May 02, 2012

Paws for Thought: A Cat Cafe in Osaka

I'm going to be honest and say that I'm uncomfortable with the way some animals are treated in Japan. On our second night in Tokyo, we were walking around Basketball Street in Shibuya - one of the rowdiest, busiest areas in Tokyo - and right in the middle of it all was a pet store. The windows were lit up with bright lights, and from floor to ceiling were tiny glass tanks, containing tiny newborn puppies, kittens, meercats, and even a baby spider monkey for sale. Some of the animals were adorned with accessories - clip on earrings, hairbows, and decorative collars. Young women crowded around the store, tapping on the windows, taking photos on their cellphones and exclaiming 'kawaii' (cute)! It was cruel and heartbreaking.

Japan's 'kawaii culture' often sees animals treated as fashion accessories. I've already talked a bit about the popularity of animal 'clothing' here - there are boutiques dedicated to selling dog outfits in every style. I've even seen a dog kimono. It's also not uncommon to see little dogs being taken along to department stores and game centres in their owners' handbags. At the other end of the spectrum, some animals are treated like humans - childless Japanese women will dress their dogs up in baby outfits and push them around in prams. To me, this culture seems unhealthy to say the least - for both the pet and the owner. And probably also for Japan's declining birth rate.

Which is why I was both curious and skeptical to experience one of Japan's famous cat cafes, where cat lovers go to get their furry fix in the middle of the city. I went to Neko no Jikan (Cat Time) in Amerika Mura, Osaka. It cost 1050 Yen for an hour of cat companionship and a drink.

'Cafe With Many Cats'
Tea time? More like cat time.
Before entering the cafe, there were a few rules to take note of. No flash photography, no loud voices, no feeding the cats, and no disturbing the sleeping cats. Then we removed our shoes, got our hands sprayed with sanitizer, and our 'Cat Time' began.

Inside the cat cafe - a jungle gym for cats
As we arrived right on opening time, most of the cats were still asleep. However, a young couple on a date came in shortly after us, and the woman instantly proceeded to break all the rules, loudly squealing 'kawaii', poking the sleeping cats on their noses and shoving her camera in their faces. Unsurprisingly, some of the cats' reactions were to try and claw her, resulting in her squeals changing to 'hidoi!' and 'kowai!' ('mean' and 'scary'). I have a suspicion that some of the cats at the cafe have had their claws surgically removed, to make them 'safer', but I hope I'm wrong.

This cat had one eye

And this cat had deformed ears
The cats themselves were a strange mix of luxury breeds, such as Maine Coons and Persians, and strays. Quite a few had something wrong with them - a missing eye, a stunted tail, or cut off ears. Apparently one of the functions of the cat cafes is to rescue cats off the streets, domesticate them, and provide them with a safe home for the rest of their lives. Which is nice. And you can tell they are well loved at the cafe - there were little albums around the place containing profiles of each cat, describing their individual personalities and histories.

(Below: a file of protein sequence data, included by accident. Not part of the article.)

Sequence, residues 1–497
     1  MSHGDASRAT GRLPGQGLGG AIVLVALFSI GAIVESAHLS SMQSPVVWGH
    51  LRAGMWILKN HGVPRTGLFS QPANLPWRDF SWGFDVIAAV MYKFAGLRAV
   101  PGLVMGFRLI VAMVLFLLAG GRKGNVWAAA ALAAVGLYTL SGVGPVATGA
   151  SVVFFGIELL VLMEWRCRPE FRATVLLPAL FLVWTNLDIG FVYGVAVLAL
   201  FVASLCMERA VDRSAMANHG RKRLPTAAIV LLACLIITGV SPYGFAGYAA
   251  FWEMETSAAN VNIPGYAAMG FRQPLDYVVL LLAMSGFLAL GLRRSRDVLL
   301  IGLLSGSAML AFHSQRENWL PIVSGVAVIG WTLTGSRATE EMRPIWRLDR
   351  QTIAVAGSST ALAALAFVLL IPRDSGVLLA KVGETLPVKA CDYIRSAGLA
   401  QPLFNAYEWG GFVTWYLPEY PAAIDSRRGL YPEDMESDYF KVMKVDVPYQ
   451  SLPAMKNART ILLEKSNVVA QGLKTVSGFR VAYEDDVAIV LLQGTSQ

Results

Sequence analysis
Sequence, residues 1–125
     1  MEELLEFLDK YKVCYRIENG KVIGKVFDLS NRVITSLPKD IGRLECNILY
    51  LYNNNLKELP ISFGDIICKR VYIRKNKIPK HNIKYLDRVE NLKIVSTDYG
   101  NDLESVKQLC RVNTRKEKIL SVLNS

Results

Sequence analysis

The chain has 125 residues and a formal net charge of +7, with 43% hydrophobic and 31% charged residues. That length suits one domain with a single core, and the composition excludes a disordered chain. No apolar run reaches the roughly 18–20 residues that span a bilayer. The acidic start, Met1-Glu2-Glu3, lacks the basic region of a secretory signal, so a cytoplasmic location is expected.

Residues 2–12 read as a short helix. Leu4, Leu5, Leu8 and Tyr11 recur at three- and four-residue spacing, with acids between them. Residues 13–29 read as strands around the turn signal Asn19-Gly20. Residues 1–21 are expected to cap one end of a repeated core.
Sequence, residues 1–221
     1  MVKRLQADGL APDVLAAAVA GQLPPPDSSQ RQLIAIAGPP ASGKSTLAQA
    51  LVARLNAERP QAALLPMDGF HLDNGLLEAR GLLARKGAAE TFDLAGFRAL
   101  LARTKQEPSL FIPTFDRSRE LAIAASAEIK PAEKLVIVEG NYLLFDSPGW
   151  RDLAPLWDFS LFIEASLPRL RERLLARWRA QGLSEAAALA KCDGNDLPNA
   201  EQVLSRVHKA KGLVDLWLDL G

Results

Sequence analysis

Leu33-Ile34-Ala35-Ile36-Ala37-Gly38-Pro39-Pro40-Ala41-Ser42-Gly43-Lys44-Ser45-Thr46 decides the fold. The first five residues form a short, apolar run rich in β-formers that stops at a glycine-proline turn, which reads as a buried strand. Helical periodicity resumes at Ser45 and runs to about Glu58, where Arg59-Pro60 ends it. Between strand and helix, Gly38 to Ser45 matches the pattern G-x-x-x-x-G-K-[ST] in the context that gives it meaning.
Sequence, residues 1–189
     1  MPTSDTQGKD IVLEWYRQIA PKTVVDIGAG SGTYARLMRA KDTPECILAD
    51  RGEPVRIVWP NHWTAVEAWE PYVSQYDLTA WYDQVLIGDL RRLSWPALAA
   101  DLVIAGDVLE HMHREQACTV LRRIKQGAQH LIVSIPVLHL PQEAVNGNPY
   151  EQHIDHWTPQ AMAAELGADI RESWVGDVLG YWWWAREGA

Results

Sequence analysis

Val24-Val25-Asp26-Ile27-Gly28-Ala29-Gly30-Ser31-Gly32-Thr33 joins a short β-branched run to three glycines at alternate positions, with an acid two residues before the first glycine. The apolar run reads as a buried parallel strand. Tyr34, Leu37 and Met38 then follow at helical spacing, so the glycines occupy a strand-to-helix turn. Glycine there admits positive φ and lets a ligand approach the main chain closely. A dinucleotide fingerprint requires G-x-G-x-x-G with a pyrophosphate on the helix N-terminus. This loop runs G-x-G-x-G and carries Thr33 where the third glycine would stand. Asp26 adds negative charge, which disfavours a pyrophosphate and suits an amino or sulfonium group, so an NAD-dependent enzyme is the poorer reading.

Cat Profile Album
An example of a profile page - this cat is shy, apparently.
Cat names and profiles are posted on the wall, too - so you know who you're playing with.
There is no denying their novelty value - I have to admit, I enjoyed myself. But at the same time, I couldn't help but think that these cafes are there first and foremost to serve the customers, and not the cats. Already, there is debate being raised about whether or not the cafes are an exploitative environment for the animals. This article talks about a new law coming into effect this year, which will ban the display of animals in the evening. It will force some of Japan's cat cafes to close earlier at night, probably affecting the peak time patronage - most of the cat cafe regular are businessmen who come in the evening, after work.

Cat in the cafe looking down at the outside world.
Seeing one of Japan's famous cat cafes was certainly an interesting experience, but I don't know. I'm used to watching my cat play outside.


  1. Hey there! I didn't know Japan treated its animals so cruely. But I've heard a lot of good things about the cat cafes, how they actually treat the cats very well. Also, I've read ( that the cat cafes (at least in Tokyo) will be exempt from this law since the loss of business would mean having to shut down and the cats not having a good home anymore. So I guess in the long run the cat cafes do more good for the cats than anywhere else.

  2. Unsurprisingly, some of the cats' reactions were to try and claw her, resulting in her squeals changing to 'hidoi!' and 'kowai!' ('mean' and 'scary').

    I laughed too much at this.

  3. I have to say i swing both ways on this one. Great for the cats to be rescued and live in a warm and loving environment but they're also kinda on display and maybe stuck inside, lesser of two evils maybe? Shy cat is cute, i would take him home :)

  4. I'm stuck between 'awwww cute' and going all animals rights activist on there asses. Funny that I read this now when just last night I watched a debate here about having Cat Curfews, shutting all cats in at night. Apparently they are becoming pests to our native wildlife. Even going as far as to propose a ban on cats in some areas. It's the catpocalypse 2012, New Zealand is over-run by cats. I'm with you though, cats should be roaming the backyard.